So i have been thinking about upgrading he suspension on my 06 w/ about 63,000 miles on stock suspension. it is my DD during the warm months and garaged November - March. I Know i wanna do RR and Strut mount Bushings and i also know that i should do springs while i am in there. So my questions are..
1. Should i go for the Poly Strut mount bushings or just stick with the pedders regular replacement ones. I heard that if they arent Poly then they can fail again.
2. What would be my best option for springs? Keeping money in mind. I dont wanna break the bank but i don't want absolute crap either.
I dont track my car. I go to the strip maybe once a year for fun. other than that its just my fun street car. I have seen some spring kits for sale that are cheap (probably a little too cheap) Like the Tien's and the Megan Racing ones. I am sure that they are not that good but has anyone dealt with them yet? Other than that i know the pedder's spring are great but they are around 500 for the kit. Eibach's maybe? any info would be greats guys. Thanks
06 PBM M6
Go:Port and Polish Intake Manifold and TB, Lingenfelter Intake, Kook's Afterburners, Lou's Short Stick, Eibach Springs w/ Koni Struts, Poly Strut Mount Bushings
Show:18x8" Kyowa Evolve's, 8000K HID's low/fog, GTO Grilles Front Air Splitter w/ Leveling Kit, Bohnmann Dash/cluster color change, De-Badged & De-Winged, 20% tints all around windows, Red Interior floor LED's
Lovells are an economical quality spring for the GTO. To the best of my knowledge the Megan Racing springs for a GTO have been discontinued because of issues. Eibachs and Tiens are far from ideal for GTO...do a search and you will find out why. If you really want the Eibachs or Tiens I can get them...but I would spend the few extra bucks on Lovells. If your gonna drop it that low with Eibachs or Teins you will need to te replace the struts/shocks...Konis would be your best. If you drop in the rear is greater then 3/4" you will need a camber adjuster in the rear
THE NORTH AMERICAN DISTRIBUTOR FOR LOVELLS & ROADSAFE PRODUCTS
NEED TECHNICAL SUPPORT? SUPPORT IS AVAILABLE EVERYDAY 8AM-8PM EST
I definitly want to lean towards the lovells or the pedders. I also would like to drop it a bit so i want to not get the zero drops because from what i understand when im done the car will actually sit higher because of my current sag. def not more than 3/4" tho.
So would it be necessary to replace all that stuff if i went with your 20mm drop springs? or will i be ok? And also why does your site say that the rears are $126 and then when i click on them it changes to $253? but the front say $206 no matter what? whats the actual price?
Another option are the King springs. I have Pedders right now and on the second rear set as the first set sagged and the second on haven't sagged but it stop being firm like when I installed it and allows way to more squat on the rear that I'm comfortable with. They are good for daily driving, but not if you have much hp on the car.
Rubber mounts will collapse no way around it. I would suggest working with Andy at Kollar racing he will get you set up right at a realistic price. If you are changing strut mounts you might as well do struts as stock leave a lot on the table. Same goes for changing springs as well.
Kyb struts and shocks ok for a DD? Thinking possibly going with eibach springs 1" front .8" rear. KYB front and rear and kollar poly strut mount bushings and RR bushings. Any input is appreciated. Like i said its my DD for 7 months without track use. I want a nice look, stance, and ride.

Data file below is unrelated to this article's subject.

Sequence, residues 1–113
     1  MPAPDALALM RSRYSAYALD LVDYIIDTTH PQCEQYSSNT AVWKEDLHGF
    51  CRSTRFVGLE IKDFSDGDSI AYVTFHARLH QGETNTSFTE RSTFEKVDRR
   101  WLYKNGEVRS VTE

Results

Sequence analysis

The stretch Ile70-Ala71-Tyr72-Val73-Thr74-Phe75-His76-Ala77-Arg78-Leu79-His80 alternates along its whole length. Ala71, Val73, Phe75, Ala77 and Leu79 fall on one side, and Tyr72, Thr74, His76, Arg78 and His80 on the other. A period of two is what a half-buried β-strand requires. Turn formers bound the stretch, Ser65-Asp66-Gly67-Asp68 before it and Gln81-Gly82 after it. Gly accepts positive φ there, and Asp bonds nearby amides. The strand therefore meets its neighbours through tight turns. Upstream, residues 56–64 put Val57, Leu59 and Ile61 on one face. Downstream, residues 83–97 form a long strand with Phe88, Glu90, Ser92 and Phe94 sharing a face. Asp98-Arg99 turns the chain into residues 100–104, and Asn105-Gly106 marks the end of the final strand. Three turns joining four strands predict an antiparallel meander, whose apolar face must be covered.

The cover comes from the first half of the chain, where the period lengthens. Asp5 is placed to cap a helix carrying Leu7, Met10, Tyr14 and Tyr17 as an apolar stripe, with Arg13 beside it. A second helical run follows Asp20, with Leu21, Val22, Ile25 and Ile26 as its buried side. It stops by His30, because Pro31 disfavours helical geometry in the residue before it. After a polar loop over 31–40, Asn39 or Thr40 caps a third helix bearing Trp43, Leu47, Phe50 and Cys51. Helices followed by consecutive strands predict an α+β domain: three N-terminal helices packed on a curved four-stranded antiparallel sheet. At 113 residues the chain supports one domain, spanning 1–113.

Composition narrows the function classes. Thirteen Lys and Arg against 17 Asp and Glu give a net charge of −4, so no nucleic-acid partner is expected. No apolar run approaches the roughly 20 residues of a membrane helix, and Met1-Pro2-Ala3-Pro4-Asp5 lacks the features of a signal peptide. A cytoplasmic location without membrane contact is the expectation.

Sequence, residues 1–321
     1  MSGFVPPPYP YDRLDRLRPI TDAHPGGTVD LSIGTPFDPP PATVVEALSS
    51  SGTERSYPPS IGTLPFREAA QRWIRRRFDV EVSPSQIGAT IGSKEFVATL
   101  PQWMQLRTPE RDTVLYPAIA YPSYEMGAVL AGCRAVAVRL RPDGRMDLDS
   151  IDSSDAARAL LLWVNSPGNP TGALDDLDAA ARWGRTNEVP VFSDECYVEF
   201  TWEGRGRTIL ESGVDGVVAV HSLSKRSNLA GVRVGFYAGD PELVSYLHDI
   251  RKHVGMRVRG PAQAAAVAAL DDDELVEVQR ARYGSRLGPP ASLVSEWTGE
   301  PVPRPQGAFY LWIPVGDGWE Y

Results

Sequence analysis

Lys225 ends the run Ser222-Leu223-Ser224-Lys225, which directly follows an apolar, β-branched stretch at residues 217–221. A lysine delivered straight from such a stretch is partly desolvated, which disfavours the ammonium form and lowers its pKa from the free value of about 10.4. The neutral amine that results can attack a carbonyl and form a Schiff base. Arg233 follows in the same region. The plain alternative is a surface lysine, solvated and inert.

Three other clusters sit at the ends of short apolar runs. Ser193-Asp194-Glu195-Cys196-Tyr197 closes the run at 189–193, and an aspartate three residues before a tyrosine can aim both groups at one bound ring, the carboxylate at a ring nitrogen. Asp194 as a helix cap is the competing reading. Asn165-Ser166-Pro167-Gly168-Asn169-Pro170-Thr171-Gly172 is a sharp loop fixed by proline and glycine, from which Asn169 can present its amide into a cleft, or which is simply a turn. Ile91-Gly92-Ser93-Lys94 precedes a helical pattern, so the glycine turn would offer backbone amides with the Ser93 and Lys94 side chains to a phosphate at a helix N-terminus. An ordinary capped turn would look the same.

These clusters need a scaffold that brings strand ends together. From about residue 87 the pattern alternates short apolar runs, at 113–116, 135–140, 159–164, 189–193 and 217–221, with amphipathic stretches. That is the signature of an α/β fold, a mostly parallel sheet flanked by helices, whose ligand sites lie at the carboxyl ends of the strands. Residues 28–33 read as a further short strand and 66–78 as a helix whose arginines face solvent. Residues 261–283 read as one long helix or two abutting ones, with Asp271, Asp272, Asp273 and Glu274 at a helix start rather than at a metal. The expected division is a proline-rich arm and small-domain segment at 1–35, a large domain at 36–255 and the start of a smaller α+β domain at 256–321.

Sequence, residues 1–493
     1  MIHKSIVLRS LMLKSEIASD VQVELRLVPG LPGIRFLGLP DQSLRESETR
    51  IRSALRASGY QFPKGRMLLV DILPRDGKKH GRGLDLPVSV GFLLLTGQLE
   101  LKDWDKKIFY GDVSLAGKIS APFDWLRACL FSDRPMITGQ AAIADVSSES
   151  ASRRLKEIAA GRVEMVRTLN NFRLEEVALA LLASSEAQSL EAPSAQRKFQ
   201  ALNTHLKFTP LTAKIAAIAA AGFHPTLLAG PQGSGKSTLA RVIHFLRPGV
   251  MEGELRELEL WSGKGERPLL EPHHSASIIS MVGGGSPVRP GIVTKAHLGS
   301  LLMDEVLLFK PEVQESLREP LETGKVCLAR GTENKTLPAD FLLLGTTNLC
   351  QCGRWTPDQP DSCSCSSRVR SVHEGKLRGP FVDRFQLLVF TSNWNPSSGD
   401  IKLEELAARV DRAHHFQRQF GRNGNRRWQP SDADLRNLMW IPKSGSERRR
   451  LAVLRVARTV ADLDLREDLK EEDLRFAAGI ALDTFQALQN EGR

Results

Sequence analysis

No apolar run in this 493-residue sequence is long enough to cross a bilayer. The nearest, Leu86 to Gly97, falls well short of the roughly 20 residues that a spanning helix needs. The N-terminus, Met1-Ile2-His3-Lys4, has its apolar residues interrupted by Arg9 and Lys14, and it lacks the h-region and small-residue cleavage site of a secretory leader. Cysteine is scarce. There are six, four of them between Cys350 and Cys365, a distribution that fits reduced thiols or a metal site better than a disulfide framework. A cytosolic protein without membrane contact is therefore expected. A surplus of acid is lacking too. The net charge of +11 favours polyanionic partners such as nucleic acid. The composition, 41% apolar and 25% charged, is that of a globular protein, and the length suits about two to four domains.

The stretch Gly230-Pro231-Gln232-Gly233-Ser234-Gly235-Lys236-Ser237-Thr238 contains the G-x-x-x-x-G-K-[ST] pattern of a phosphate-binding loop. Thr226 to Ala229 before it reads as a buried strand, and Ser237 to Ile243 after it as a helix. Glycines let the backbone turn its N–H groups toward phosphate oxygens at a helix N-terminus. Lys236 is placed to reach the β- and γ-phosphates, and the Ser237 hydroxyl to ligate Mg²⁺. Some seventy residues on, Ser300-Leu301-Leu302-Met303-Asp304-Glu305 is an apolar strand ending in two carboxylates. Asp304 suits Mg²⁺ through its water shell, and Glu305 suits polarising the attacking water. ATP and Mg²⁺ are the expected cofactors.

eibach is way to soft you may as well keep the factory ones. Lovells 350 with the 400lb spring rate is ideal not over sprung not under just right. ride height is perfect also. I have ran 4 sets of rear springs and this has been the best by far. front struts need replacing at that mileage rear shocks will be ok but I would suggest them. honestly Lovell drop struts and spring should have been oem.
Please use condoms and help decrease the mini van population.
Im in your same situation and I decided to evenuatally piece together a Lovell/Koni set up so it firms up the ride but not too much for DD then at the track you can adjust to stiffen the shocks up if you so desire.
04 QSM A4
Svede, Pro-products 80mm tb, BP catch can, Pacesetters/catless, Magnaflow, Konis, Lovell springs, DSS single piece, Gforce1320 yoke, Tune
Yeah i hear ya. The problem is by the time you piece together the lovells and konis. paired with poly strut mounts you are already spending more then a complete coilover setup. doesnt make sense in my eyes. Would getting the BC coilover kit solve all my problems? since that would be like buying the strut mounts, springs, and struts/shocks? im confused. lol
ok i think i am going with the kyb struts, over to kollar for the RR and Strut Mount bushings, and possibly eibach's 1" front .8" rear springs. gonna have to start buying little by little. Poly bushings are first
Why do you want to replace the springs? Dampers wear out, springs don't. If you want a firmer ride, or want to change ride height, then go ahead and replace them. If you want a stock ride with stock ride height, just replace the dampers.
If the rear's are sagging, then you can install some 10mm spring pads to raise it up.
Contrary to popular belief, springs do not loose spring rate over time. they do lose capacity though, which is what causes the sag; but the rate stays the same.
With 97k miles, I have stock springs, Monroe Sensatrac dampers, all poly bushings, SLP rear sway bar and 10mm spring pads in the rear and the car rides great. It doesn't handle like a sports car, but I was looking to restore factory ride comfort rather than try to make it ride on rails.
It does do very well on the road course though!
2005 - M6 - QSM / Black
Svede CAI / 100% Poly / Lou's SS / SLP Rear Sway
Ummm, no, the rate of a spring never changes regardless of age. the load capability of the spring does change though, because it's a factor of rate and height, but the rate itself never changes. A rear spring sagging 10mm reduces the max load (because coil bind will happen in a shorter distance), but rate is still the same.
Do a Google search and you'll find LOTS of info supporting this. Or just ask an engineer ....